There are people who perceive that the Bible is mostly a book full of rules and commandments that tell us not to do what we would really rather be doing and tell us to do what we would really rather not be doing.  Fact is, the Bible does contain a lot of laws given by God to his people, none more well-known than the ten we just read.  But why?  Have you ever asked that question?  Why does God make laws?


Immediately before God gives the 10 Commandments, God says this to his people, “I am the Lord your God, who brought you out of the land of Egypt, out of the house of slavery.”  This is God’s reminder to the people that he has already gone to great lengths to save them.  The people are God’s treasure whom he dearly loves.  And that is the reason he gives them the law.  God’s law is always given out of love.


Think about it, it’s really no different from the reason human parents give rules to their children.  A loving mother tells her son that he is not allowed to go into the street unless he is holding her hand.  The little boy, of course, hates the rule.  “I’m old enough to cross by myself!  It’s boring on this side of the street!  Why do you treat me like a baby?”  He doesn’t yet understand what the rest of us do understand.   A mother doesn’t make such rules to restrict her son from experiencing the best in life but rather to insure that her son will experience the best in life.  And if the child trusts his mother, if he believes that she knows better and that she truly loves him and wants the best for him, he will obey her rule and stay on the sidewalk.


It’s no different with God.  Our willingness to obey God’s law always has to do with trust.  Do you trust that you’re your Creator knows better than you know?  Do you trust that he truly does want the best for you in life because he loves you?  You might say that behind every command that God gives us is the command to trust.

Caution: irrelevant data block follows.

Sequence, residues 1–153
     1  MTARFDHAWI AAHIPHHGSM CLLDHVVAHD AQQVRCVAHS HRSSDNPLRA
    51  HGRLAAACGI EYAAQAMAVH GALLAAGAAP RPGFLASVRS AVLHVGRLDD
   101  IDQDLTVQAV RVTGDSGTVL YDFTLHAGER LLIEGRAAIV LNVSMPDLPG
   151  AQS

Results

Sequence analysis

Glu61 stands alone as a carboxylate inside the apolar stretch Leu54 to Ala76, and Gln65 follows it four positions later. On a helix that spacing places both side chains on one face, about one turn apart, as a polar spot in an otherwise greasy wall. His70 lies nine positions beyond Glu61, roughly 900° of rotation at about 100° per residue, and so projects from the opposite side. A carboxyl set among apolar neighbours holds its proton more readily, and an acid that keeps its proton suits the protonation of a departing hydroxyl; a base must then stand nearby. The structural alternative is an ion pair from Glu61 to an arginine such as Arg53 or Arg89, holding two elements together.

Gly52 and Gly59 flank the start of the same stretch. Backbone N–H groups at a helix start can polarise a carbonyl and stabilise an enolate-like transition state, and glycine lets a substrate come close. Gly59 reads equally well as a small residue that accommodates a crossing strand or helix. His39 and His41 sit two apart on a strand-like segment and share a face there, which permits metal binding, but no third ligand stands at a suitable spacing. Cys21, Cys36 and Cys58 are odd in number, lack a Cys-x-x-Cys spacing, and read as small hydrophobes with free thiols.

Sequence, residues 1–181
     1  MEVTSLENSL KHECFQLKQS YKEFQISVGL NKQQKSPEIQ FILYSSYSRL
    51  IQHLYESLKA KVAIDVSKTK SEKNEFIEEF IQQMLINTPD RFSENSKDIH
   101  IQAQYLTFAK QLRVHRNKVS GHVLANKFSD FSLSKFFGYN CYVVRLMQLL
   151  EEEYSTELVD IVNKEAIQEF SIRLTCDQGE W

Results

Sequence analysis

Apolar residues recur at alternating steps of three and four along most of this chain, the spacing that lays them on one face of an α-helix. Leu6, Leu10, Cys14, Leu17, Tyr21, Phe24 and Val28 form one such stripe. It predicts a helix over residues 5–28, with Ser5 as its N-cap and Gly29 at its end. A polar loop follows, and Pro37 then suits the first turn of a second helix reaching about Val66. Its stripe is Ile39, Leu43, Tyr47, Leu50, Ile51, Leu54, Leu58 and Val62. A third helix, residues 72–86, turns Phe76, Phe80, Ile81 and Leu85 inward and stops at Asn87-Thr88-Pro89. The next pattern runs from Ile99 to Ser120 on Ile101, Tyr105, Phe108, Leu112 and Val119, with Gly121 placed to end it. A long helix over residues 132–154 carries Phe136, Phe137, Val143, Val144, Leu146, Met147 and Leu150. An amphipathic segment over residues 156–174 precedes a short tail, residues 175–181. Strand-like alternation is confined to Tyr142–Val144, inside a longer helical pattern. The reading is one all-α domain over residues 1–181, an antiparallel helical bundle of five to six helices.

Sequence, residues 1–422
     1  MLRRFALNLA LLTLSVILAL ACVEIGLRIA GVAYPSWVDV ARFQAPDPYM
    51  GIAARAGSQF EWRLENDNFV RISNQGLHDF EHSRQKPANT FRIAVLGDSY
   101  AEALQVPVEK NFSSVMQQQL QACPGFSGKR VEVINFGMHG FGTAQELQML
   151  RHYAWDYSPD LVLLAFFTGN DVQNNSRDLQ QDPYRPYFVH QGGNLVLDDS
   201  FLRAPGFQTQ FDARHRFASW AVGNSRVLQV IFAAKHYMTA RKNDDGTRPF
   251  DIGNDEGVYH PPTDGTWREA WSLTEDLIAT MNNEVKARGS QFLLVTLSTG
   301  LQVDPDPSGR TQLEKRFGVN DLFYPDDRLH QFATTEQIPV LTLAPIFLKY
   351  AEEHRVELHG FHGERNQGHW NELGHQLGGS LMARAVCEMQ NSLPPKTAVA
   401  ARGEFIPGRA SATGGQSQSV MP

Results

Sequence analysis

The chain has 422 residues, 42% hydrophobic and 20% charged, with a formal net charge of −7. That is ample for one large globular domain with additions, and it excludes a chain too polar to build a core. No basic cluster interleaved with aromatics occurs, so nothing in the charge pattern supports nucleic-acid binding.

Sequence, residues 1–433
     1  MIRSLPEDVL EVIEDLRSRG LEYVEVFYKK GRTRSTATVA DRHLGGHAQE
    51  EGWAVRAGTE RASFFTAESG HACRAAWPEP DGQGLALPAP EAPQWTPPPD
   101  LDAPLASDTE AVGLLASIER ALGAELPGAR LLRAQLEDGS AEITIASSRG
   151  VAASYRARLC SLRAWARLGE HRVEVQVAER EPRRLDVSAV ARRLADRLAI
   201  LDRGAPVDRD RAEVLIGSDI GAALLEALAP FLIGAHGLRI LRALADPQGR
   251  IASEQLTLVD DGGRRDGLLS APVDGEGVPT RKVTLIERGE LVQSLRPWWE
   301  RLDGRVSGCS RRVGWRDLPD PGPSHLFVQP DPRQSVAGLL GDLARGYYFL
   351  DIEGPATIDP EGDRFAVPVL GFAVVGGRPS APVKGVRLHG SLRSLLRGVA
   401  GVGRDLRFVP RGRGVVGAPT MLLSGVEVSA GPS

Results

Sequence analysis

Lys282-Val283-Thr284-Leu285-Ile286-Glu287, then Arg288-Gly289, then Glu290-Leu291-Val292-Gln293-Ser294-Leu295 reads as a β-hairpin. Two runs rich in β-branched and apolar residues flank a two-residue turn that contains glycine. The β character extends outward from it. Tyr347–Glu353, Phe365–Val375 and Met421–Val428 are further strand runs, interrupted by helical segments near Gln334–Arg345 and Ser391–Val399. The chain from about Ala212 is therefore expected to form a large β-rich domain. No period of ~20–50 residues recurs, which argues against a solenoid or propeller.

And here’s the problem.  God knows that we don’t trust him.  We never have.  Ever since the beginning when God told the first people to enjoy every fruit tree in the garden except for the one fruit tree in the middle of the garden, we have not trusted God.  In fact, I’m sure that even as God gives Moses and the Israelites the 10 commandments, the law which was meant to provide for them and to protect them, God knew they would break the commandments before they even got down off the mountain.


So here’s the question.  If God knows that we aren’t going to trust him and follow the law he gives us, why give it to us in the first place?  Well, John Calvin, the great Protestant Reformer, long ago wrote that one of the purposes of God’s law is to act as a mirror in our lives, a mirror which reflects the perfect righteousness of God back to us.  In other words, the law shows us the life God lives and the life God made us to live with him, and so when we hold that mirror up to our lives we look into it and are given a clear picture of just how far short we fall.